Famous faces join obesity fight [Healthy Futures]

August 16, 2013

Joey Crabb

Current NHL player Joey Crabb of Anchorage gets his mug splashed on the TV enough that he gets recognized pretty much wherever he goes in town.

The spotlight is cool, but he’s not obsessed with it. That’s why it’s nice for him to come home for the summer, because family and friends treat him like a regular guy.

Sometimes, though, Crabb is willing to lend his star power to a good cause.

Crabb and former Team USA goalie Pamela Dreyer of Eagle River will headline a group of Alaska role model athletes supporting Healthy Futures at the Kid’s 2K, Saturday 10 a.m. on the Delaney Park Strip. More than 1,000 kids are expected.

“I’m going to try to bring my nephews out there,” Crabb told me. “It’s just good to keep kids active. There’s a trend in

America of people getting overweight, so it’s nice to see events like this getting kids active.”

Healthy Futures, the signature program of the Alaska Sports Hall of Fame, is covering the entry fee costs for children at the event.

Crabb, Dreyer and the others will be on hand to run the crowd through warm-up exercises before the start, hand out Healthy Futures medals at the finish, and host an obstacle course on the park afterward. Any child that drops by and gives the course a try will receive a small prize and a chance to meet a celebrity athlete and collect an autograph.

“Hopefully that helps,” Crabb said of his celebrity status. “Sometimes the kids are so young, they don’t know what’s going on. I’m just some guy. Some of them think it’s great and some of them are just out there to have fun, which is even better. I think we’re going to have a good time with it.”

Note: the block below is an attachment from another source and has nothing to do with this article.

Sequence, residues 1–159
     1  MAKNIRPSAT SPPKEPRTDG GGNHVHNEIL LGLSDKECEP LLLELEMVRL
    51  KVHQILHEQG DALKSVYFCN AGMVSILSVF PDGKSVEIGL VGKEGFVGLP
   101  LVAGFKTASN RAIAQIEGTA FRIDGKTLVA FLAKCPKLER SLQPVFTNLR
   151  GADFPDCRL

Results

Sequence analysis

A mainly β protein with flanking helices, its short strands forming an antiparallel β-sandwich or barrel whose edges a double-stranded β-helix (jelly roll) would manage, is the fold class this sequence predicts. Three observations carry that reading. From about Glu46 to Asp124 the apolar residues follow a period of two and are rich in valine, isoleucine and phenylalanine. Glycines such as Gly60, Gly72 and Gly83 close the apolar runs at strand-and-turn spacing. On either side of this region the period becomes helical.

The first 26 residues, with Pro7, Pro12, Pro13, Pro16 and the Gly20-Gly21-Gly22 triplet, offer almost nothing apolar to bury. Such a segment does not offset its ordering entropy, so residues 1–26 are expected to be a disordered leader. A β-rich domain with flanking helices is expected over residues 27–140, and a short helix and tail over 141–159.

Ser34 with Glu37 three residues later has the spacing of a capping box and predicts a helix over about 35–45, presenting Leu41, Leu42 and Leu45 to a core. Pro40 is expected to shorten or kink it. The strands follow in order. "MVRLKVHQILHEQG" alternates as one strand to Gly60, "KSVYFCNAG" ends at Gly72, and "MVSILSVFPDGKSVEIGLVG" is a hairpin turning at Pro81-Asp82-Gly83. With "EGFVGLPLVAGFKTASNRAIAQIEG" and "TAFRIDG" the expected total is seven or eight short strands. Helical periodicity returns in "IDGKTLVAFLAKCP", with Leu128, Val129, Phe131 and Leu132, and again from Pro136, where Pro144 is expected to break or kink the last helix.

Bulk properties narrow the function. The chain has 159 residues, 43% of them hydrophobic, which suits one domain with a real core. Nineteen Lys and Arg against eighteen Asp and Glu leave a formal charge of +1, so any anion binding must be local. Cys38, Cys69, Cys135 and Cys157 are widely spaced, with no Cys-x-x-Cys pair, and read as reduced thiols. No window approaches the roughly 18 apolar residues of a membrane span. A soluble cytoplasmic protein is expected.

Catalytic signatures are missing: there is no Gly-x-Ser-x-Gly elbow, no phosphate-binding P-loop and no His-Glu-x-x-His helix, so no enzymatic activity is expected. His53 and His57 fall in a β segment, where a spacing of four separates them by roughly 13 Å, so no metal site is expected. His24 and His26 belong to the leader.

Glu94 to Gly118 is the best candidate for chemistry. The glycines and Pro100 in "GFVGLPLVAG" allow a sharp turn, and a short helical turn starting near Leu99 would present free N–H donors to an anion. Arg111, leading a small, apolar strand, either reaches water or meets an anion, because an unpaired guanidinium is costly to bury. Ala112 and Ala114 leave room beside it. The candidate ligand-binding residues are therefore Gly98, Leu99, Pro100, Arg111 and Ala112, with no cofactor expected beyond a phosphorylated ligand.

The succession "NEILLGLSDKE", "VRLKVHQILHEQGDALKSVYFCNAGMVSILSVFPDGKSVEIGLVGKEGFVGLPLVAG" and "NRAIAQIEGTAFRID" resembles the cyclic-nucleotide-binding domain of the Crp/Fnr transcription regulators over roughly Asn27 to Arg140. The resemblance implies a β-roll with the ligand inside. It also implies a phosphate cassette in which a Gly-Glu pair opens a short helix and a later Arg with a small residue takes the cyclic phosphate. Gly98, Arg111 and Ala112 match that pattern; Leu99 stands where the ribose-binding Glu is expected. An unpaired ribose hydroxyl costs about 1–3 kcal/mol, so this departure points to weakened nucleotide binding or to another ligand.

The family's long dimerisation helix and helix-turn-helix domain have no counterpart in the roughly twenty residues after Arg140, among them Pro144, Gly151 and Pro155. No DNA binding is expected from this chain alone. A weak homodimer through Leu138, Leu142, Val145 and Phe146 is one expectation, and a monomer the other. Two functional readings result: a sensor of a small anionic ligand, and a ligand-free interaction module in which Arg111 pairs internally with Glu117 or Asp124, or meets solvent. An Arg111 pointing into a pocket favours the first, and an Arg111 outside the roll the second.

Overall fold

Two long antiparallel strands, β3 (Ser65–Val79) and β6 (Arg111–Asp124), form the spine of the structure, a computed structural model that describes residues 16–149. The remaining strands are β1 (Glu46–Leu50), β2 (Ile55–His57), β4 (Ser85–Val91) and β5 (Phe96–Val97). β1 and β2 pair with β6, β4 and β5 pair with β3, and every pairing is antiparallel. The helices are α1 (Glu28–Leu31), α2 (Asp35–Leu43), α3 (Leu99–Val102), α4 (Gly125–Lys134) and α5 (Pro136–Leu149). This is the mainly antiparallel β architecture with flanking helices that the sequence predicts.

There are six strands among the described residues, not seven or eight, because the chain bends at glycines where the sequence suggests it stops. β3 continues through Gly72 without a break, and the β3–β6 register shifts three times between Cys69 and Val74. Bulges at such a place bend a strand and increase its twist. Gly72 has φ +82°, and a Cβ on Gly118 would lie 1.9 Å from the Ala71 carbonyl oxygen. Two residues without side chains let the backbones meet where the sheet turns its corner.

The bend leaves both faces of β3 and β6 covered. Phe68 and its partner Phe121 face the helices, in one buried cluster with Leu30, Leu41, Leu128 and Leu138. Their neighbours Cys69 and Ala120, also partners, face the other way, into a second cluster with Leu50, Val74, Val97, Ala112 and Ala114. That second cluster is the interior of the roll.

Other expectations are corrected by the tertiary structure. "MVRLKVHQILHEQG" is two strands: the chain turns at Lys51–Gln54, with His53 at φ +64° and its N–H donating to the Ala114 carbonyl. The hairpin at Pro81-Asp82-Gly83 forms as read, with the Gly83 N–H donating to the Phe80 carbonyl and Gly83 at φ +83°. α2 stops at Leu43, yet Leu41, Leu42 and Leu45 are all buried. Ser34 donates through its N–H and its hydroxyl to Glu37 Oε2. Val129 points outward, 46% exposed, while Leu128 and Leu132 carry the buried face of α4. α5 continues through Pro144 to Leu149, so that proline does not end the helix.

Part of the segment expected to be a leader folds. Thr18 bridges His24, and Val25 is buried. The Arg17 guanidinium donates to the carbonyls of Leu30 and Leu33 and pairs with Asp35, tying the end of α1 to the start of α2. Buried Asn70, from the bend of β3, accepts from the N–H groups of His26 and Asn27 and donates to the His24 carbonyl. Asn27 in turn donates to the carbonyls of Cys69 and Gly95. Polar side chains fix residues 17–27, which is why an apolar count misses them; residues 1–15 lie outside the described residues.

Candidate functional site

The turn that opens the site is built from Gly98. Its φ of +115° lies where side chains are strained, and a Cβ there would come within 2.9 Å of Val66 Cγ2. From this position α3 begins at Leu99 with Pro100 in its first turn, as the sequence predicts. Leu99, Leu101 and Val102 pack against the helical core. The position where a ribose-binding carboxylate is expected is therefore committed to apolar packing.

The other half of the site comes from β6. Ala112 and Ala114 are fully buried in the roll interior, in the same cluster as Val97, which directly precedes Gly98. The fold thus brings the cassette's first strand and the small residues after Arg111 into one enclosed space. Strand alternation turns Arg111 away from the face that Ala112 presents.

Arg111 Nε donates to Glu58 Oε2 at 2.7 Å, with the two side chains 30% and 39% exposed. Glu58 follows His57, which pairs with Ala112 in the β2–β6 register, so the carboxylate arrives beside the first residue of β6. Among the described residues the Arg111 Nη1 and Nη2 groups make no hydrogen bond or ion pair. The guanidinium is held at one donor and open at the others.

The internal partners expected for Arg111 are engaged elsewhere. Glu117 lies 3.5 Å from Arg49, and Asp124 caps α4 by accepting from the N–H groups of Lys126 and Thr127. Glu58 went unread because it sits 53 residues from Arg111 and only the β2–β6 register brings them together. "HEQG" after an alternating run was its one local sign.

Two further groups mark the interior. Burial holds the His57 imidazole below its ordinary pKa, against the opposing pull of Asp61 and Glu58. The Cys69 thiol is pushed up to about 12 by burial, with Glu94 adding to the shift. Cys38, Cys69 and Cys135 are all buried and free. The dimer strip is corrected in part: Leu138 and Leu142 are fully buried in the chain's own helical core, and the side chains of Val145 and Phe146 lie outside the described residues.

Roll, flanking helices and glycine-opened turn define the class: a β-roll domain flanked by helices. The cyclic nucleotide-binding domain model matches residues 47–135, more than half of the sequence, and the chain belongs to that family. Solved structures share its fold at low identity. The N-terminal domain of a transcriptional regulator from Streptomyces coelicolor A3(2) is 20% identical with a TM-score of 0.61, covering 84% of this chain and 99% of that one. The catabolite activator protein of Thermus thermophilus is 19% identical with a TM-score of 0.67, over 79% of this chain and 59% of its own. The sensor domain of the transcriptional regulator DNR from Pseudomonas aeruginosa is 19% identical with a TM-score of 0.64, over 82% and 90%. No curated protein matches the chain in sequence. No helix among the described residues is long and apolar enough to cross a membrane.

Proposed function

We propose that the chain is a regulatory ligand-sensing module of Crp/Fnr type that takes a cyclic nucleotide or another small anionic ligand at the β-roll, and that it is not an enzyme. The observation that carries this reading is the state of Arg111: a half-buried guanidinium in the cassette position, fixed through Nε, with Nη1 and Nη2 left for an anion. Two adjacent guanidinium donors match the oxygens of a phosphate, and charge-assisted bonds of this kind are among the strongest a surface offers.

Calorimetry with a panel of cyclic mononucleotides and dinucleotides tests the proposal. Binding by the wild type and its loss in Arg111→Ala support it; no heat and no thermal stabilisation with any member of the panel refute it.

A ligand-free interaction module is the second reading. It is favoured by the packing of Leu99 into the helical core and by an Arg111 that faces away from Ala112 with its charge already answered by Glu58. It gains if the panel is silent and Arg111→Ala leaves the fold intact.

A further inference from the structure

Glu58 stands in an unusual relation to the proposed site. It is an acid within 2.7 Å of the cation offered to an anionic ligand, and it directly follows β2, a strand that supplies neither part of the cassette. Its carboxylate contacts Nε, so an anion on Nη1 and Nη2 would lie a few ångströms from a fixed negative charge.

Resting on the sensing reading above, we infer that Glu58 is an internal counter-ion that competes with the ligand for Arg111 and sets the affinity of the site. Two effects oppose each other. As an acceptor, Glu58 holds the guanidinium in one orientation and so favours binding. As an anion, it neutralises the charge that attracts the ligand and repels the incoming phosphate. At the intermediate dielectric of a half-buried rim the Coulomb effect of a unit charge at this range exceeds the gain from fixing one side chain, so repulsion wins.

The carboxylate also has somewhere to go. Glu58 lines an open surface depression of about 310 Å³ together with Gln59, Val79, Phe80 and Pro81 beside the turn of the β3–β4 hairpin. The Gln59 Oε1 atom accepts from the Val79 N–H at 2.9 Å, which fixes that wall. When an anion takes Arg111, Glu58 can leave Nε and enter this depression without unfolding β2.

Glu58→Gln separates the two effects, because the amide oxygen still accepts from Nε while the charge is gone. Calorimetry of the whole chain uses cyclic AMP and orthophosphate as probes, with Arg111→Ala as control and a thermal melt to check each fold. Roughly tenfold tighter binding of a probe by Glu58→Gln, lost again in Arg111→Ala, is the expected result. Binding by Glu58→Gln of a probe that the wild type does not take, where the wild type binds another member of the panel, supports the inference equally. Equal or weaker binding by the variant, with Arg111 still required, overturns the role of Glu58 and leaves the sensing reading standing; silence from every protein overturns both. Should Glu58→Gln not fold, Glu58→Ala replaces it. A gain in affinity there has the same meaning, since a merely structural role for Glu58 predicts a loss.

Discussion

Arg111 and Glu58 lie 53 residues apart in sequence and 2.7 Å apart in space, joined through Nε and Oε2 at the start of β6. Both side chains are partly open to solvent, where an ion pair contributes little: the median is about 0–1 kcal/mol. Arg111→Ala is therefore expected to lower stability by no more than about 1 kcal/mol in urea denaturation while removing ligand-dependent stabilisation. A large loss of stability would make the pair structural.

Other athletes on hand Saturday will include Liam Ortega (Olympic speed-skating hopeful), Hallidie Wilt (former all-region runner at UAA), Greta Anderson (APU skier), Luc Mehl (adventure racer), Billy Crumm (former UAF hockey player) and Galen Johnston (UAA skier).

“Sports figures have tremendous potential for making a positive impact on youth because of the value many kids put on sports and athletes,” said Harlow Robinson, Alaska Sports Hall of Fame Executive Director. “These events are a great opportunity to promote the importance of physical activity. And I’ve discovered over the years that there are so many quality individuals in the sports world in Alaska that are excited about opportunities to give back to the community. It’s a win-win.”